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The Good Spice moves to The Hague

Iona: “More taste, a fair price and healthy nature”

Improving the spice trade and making it more sustainable, that is the aim of The Good Spice. Through direct contact with farmers, with fair prices and without chemicals. This gives consumers the best taste, farmers a sustainable earning model and nature the chance to recover. The DOEN Foundation supports The Good Spice in its mission for sustainable and better sourced spices. Currently, The Good Spice works with eighteen farmers in India, Sri Lanka, Sicily and Hungary and has seven spices in its range.

The journey of spices

That the trade chain of tea, chocolate and coffee is often not pure coffee is something we are increasingly aware of through companies like Chocolatemaker and Wakuli. Less well known is that spices are in the same boat in terms of issues. And fair, sustainable alternatives are still hard to find on the Dutch market. Iona Mulder, founder of The Good Spice, wants to change that. Iona: ‘The regular spice trade consists of long chains in which often more than eight companies are involved. Together with low consumer prices, this results in many abuses within spice chains around the world. The weakest links suffer most from this: the farmer and nature.’

Mission-driven from the core

‘We spend a lot of money on development cooperation, while at the same time we import masses of products from countries we don’t pay a good price for.’ Iona, a cooking enthusiast with a background in history and human rights, cannot reconcile. When her friend brings her a piece of cinnamon on a trip, she tastes the layering and her interest in spices piques. She dives into the subject and founds The Good Spice. The company is ‘steward owned’, which means that it is not shareholders, but those directly involved (employees) who decide the course of action. In this way, it is not short-term profits but the company’s mission that is central.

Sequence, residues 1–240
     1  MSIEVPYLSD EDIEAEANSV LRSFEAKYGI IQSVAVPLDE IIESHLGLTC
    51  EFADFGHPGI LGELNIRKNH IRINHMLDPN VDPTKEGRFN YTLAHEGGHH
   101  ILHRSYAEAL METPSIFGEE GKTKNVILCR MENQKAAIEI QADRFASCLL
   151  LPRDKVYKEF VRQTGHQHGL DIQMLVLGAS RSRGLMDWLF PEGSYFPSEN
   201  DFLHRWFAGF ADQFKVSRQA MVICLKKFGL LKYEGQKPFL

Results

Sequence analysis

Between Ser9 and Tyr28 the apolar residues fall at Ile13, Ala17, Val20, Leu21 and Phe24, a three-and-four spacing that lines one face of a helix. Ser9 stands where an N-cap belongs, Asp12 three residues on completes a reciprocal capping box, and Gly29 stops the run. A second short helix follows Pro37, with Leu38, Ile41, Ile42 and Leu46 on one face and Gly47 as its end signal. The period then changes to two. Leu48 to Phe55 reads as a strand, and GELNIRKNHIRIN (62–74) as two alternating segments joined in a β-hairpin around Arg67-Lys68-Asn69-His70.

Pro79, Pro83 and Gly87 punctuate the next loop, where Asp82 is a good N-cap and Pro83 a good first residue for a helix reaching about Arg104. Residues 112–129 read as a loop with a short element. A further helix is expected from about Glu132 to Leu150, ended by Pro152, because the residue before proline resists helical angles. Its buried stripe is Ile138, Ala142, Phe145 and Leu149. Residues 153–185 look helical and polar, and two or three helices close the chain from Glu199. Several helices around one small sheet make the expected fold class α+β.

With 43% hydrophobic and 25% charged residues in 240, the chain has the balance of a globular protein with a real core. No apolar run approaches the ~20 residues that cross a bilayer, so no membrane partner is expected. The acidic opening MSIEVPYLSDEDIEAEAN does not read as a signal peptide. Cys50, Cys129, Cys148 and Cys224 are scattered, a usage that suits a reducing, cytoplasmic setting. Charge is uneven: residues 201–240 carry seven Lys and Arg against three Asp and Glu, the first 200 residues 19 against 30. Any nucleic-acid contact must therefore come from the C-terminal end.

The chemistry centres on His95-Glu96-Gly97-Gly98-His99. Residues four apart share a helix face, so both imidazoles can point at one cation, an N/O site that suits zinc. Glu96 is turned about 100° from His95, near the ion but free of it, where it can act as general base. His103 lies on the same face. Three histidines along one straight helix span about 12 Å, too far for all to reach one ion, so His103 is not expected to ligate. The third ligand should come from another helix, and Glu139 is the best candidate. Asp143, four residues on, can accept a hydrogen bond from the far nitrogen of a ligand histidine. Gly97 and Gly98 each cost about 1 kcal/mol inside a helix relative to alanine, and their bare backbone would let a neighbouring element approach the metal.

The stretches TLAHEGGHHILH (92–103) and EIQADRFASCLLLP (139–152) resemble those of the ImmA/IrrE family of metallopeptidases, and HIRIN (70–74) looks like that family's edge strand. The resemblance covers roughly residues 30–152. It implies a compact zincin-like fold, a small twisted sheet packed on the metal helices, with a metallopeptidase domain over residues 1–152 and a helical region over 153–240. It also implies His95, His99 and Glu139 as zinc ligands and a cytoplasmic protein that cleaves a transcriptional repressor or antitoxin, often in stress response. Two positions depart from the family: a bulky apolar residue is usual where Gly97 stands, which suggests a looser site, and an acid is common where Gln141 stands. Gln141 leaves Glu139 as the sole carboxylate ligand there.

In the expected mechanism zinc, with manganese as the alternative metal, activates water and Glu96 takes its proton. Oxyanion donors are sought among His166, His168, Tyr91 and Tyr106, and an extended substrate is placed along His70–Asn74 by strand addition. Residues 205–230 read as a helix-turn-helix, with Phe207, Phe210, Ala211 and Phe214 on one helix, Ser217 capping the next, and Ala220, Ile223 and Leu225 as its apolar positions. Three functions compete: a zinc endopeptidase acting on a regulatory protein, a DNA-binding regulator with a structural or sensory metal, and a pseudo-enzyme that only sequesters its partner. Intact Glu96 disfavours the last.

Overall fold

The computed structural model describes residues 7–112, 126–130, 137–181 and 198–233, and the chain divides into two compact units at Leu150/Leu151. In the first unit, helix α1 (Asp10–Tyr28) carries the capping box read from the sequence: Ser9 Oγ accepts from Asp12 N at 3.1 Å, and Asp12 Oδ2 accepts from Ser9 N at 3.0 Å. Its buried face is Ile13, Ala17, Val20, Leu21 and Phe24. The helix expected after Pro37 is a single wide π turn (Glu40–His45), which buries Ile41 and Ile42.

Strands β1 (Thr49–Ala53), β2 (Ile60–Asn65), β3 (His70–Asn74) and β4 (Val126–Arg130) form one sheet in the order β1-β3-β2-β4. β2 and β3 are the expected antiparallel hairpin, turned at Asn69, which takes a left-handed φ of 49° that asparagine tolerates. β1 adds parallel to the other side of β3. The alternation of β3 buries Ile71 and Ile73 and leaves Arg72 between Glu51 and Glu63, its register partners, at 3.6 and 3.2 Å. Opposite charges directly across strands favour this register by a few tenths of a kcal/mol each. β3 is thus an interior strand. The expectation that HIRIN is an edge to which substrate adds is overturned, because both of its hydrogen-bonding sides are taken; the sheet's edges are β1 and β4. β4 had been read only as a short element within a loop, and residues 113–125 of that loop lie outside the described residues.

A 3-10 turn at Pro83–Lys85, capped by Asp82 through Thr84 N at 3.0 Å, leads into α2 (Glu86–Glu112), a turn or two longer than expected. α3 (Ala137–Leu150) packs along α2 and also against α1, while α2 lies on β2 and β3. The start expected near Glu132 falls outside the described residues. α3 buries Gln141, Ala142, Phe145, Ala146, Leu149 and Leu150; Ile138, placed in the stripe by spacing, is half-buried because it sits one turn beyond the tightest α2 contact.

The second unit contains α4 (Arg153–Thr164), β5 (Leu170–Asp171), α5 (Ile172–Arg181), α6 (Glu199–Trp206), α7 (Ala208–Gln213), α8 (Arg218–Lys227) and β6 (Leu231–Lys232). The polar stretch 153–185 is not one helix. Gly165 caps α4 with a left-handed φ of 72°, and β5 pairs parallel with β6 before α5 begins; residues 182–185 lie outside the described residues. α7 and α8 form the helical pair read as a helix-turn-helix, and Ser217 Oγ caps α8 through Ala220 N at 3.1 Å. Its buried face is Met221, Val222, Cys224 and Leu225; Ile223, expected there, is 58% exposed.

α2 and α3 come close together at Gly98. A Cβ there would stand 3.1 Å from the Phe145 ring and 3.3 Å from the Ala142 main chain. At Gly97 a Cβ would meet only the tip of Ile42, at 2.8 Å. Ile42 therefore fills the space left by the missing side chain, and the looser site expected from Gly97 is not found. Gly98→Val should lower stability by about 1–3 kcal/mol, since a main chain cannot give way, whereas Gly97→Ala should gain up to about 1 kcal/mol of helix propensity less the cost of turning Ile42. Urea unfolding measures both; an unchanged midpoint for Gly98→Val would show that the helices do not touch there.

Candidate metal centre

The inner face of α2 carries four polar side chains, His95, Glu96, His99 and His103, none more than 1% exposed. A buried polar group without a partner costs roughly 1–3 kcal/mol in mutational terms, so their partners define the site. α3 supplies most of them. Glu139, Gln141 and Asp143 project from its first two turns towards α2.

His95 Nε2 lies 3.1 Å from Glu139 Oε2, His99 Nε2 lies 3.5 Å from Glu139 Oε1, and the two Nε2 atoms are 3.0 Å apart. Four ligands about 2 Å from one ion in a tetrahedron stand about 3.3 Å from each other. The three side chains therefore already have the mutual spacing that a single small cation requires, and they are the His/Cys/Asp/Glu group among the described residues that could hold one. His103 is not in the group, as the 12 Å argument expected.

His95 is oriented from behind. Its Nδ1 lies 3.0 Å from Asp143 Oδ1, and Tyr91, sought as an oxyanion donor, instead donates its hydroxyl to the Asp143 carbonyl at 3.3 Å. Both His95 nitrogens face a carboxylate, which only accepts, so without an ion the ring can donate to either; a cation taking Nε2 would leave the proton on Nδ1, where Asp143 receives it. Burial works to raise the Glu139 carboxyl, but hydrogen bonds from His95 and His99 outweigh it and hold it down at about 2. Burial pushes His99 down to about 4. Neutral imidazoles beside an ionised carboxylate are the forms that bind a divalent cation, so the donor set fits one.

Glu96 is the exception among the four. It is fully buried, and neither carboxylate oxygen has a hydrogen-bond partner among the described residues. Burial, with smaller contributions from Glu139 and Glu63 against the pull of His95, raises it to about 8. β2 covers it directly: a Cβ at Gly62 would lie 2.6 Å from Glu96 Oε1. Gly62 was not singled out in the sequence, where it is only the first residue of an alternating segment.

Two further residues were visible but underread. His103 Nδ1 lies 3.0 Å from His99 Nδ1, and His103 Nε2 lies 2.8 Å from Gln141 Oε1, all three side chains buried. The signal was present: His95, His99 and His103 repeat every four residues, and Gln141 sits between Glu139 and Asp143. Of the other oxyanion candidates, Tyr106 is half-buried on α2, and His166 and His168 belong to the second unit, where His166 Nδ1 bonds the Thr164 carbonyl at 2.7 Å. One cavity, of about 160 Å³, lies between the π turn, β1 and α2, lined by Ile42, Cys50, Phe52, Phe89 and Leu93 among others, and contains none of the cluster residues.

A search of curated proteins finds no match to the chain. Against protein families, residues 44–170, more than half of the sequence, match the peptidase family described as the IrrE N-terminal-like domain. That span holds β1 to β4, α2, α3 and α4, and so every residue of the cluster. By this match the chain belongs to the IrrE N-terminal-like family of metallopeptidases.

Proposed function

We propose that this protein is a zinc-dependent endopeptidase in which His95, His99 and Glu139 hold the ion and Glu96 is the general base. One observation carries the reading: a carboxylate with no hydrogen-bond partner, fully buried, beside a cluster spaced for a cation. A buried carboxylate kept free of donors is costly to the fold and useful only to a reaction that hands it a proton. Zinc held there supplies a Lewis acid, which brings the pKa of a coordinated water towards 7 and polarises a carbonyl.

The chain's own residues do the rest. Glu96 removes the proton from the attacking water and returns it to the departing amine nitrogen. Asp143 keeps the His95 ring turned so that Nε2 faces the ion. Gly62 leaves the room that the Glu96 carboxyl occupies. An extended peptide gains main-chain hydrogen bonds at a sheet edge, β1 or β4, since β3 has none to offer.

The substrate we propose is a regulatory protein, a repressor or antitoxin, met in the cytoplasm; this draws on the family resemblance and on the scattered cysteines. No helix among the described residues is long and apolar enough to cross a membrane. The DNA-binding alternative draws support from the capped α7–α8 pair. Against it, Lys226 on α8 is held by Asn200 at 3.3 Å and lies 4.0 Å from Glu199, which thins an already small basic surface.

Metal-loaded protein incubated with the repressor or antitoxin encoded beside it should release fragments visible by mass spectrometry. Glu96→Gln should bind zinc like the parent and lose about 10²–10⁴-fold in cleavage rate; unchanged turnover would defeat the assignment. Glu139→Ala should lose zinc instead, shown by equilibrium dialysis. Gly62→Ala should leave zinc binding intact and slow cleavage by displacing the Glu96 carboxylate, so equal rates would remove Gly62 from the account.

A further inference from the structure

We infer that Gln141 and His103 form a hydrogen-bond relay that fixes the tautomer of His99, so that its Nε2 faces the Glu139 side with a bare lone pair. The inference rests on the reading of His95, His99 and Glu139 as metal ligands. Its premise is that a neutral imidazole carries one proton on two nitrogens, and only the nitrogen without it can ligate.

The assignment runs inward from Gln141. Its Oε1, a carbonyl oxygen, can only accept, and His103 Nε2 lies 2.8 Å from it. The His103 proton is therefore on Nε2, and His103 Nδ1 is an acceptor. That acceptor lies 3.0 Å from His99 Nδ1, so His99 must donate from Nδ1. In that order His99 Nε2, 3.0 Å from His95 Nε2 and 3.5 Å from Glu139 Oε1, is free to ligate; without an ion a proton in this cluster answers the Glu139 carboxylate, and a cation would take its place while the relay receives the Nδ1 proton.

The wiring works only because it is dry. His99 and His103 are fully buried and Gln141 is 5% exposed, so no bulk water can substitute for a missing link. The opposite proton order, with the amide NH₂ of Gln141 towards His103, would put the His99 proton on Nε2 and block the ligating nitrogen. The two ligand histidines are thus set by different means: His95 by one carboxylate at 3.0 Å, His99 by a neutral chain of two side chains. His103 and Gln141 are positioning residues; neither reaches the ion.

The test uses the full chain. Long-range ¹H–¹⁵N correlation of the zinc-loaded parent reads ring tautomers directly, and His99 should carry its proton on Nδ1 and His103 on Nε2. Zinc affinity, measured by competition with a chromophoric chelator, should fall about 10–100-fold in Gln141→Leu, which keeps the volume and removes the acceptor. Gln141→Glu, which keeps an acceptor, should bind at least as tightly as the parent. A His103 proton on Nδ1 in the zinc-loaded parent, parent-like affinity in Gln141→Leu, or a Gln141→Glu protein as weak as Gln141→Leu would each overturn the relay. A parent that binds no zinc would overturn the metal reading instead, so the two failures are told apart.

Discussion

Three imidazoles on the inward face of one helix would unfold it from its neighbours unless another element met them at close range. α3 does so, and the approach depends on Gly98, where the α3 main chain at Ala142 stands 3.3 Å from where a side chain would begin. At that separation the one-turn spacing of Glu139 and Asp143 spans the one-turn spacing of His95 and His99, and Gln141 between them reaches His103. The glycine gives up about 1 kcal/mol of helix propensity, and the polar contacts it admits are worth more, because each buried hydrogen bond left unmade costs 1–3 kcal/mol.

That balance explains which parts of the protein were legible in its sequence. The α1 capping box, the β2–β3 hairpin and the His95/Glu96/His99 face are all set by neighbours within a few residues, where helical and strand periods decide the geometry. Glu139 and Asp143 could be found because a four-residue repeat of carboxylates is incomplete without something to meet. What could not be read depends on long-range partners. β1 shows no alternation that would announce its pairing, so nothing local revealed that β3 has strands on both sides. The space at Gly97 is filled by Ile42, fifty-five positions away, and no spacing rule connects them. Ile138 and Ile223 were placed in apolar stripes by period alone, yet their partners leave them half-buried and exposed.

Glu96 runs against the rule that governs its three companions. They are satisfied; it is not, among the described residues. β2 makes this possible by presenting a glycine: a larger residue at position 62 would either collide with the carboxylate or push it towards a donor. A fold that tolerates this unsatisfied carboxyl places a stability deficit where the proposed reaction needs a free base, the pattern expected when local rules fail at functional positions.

Investing in the future

Each spice has its own story. ‘Turmeric is The Good Spice’s first spice. We looked for a variety with a high percentage of curcumin in it, known for its beneficial properties, which grows only in northeast India. Farmers here produce on a small scale without pesticides. In this region, The Good Spice is the first exporter. Many facilities for export are not available and we have to look elsewhere or initiate them ourselves. For instance, we are working with local governments to buy solar drying machines. These make farmers less dependent on the sun, shorten drying time and reduce the risk of mould. This cooperation and investment gives farmers more security for the future.’

An honest price tastes better

In Hungary, paprika is the national product, but the market there is suppressed by cheap imports from China. Hungarian farmers can only compete if they switch to very intensive farming and a cheap drying and grinding process. This comes at the expense of nature as well as taste. The Good Spice works with farmers who do not go along with this negative trend and pays them €24 per kilo of paprika instead of the world market price of €1.50 to €2. This allows the farmer to take better care of his land and work with more patience. You can taste the farmer’s craftsmanship and focus on quality. The spices are real taste explosions. To convey that flavour in the best possible way, The Good Spice strives for the shortest possible chain. By having direct contact and buying from the farmers, many middlemen who can influence the price and quality of the product are eliminated, because the spices are often on the road for years via long chains. The spices are dried in the country of origin and packaged in portions in The Netherlands and prepared for shipment at social enterprise Siza. Through this partnership, The Good Spice is proud to offer a tasty, sustainable, and social product.

“In our search for a sustainable spice trade, it is great to discover that there are people all over the world with like-minded thinking. People who also believe things can be done differently and with whom you can set up a nice cooperation. The financial contribution of The DOEN Foundation gives us the space to grow and, together with these people, make the spice trade fairer and more sustainable.”

Iona Mulder, founder of The Good Spice

The DOEN Foundation supports The Good Spice thanks to participants of the ‘Postcodeloterij’. You can find The Good Spice spices at local outlets or via the webshop:

The article was originally published in Dutch on the website of The DOEN Foundation.